The Oglala Sioux Tribal Council has banned all sales of the Rapid City Journal on the Pine Ridge Indian Reservation until the newspaper formally apologizes for an offensive headline published in late January.
The Journal was proactive in reporting breaking details surrounding a disturbing instance of racism against Native children at a January hockey game in Rapid City. However, when question regarding the school group’s participation in the customary National Anthem arose, the publication’s reporting tactics took a dubious turn.
The lead story on January 31 was entitled “Did Native students stand for National Anthem?”
The implication that something as trivial as standing for the Star-Spangled Banner could directly lead to flagrant bigotry against children was not well received by readers.
While the Journal had the means to hone in on actions of adults in the wrong, they chose to examine innocent children’s behavior, reaching to uncover some form of provocation. It smelt of victim-blaming at its most sinister.
Tribal spokesman Kevin Steele told KCSR-AM that the ban will remain in effect for as long as necessary.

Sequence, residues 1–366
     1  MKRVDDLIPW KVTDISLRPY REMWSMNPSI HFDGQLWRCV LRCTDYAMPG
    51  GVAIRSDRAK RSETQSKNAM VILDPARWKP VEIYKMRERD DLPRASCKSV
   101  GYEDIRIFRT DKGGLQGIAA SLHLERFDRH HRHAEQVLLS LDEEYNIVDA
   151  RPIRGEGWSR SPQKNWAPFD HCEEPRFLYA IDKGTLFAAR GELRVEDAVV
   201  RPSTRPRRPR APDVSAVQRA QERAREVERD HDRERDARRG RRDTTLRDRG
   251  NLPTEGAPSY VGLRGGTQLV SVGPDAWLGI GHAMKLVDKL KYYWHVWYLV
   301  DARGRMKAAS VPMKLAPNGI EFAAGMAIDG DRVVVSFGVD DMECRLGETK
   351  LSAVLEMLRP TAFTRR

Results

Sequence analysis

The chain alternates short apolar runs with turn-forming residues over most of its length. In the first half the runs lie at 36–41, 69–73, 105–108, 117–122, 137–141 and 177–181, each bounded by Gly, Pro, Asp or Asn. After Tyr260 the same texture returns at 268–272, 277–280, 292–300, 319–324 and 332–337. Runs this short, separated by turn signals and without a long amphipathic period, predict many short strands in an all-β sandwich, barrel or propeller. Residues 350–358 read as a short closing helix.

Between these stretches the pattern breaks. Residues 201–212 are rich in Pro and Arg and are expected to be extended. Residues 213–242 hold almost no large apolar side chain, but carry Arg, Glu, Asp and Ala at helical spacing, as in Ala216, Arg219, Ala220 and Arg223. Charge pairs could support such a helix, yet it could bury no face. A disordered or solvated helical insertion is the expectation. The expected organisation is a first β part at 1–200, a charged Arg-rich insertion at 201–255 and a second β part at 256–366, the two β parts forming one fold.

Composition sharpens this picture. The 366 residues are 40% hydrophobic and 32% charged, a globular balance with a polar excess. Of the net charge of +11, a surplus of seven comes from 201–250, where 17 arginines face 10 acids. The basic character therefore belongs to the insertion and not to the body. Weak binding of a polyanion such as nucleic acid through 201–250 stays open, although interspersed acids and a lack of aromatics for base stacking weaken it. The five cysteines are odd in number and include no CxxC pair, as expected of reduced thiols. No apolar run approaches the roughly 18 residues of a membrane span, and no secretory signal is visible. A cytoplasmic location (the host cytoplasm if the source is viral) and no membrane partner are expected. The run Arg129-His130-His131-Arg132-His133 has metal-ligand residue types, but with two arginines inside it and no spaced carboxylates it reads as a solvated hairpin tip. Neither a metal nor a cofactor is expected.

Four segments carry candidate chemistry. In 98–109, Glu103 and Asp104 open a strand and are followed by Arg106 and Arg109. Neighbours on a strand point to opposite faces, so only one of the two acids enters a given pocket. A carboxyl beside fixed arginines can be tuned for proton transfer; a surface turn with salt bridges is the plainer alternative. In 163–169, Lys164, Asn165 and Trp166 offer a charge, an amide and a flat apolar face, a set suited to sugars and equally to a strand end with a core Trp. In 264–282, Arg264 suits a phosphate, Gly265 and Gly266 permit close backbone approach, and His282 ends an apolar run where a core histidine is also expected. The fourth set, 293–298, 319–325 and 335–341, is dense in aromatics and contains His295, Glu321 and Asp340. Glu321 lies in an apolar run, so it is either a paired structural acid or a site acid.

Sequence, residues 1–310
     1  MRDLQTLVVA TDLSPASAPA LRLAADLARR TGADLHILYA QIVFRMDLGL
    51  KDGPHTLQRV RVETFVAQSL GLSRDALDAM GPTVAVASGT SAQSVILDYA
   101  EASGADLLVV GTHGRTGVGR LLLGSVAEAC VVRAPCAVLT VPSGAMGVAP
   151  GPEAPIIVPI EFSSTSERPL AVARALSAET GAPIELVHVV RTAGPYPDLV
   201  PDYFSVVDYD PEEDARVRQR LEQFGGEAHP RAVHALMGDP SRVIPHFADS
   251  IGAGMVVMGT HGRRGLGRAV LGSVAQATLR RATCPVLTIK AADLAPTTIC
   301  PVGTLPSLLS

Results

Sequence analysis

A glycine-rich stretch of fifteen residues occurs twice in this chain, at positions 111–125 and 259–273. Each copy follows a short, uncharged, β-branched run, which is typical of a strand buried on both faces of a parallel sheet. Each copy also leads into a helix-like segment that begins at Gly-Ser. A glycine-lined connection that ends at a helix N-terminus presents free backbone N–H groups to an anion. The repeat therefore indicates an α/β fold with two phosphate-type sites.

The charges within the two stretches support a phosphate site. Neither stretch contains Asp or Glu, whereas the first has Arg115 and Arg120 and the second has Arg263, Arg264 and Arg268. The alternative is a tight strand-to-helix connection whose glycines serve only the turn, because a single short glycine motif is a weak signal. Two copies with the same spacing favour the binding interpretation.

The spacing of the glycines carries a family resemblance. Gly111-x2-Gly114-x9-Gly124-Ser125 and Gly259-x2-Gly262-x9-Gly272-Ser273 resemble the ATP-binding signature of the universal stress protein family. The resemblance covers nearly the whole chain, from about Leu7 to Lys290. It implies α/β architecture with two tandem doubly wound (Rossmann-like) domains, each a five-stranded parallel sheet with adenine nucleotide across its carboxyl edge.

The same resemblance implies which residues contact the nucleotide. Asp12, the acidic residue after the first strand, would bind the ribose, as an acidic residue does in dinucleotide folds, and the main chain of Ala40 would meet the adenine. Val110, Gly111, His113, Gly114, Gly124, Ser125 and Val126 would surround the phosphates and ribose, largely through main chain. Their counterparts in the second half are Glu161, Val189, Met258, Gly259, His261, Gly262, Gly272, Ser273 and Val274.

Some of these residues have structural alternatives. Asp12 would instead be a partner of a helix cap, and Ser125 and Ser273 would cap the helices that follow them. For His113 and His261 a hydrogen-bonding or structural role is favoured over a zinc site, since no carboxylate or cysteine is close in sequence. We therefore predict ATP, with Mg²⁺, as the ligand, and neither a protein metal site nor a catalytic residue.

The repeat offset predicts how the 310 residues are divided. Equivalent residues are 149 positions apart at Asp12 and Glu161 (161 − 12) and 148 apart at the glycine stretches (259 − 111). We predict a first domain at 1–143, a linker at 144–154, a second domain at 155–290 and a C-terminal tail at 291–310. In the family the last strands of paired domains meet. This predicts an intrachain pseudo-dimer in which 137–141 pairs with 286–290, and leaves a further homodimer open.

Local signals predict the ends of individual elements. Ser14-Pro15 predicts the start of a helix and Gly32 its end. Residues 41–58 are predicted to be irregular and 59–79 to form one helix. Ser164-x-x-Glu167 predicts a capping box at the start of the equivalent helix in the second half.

Bart Pfankuch of the Rapid City Journal says the newspaper respects the tribe’s rights but awaits prompt reversal of this action.
This is an impactful decision on the part of the Oglala tribe. They will not stand complacent while a widely trusted news source fails to take their point of view seriously.
The Lakota People’s Law Project anticipates a day when relations between Natives and the media function smoothly. It is due time for publications such as the Rapid City Journal to put their efforts into the accurate representation of the triumphs and struggles of indigenous peoples. We applaud this tribal decision as an honorable demand for respect.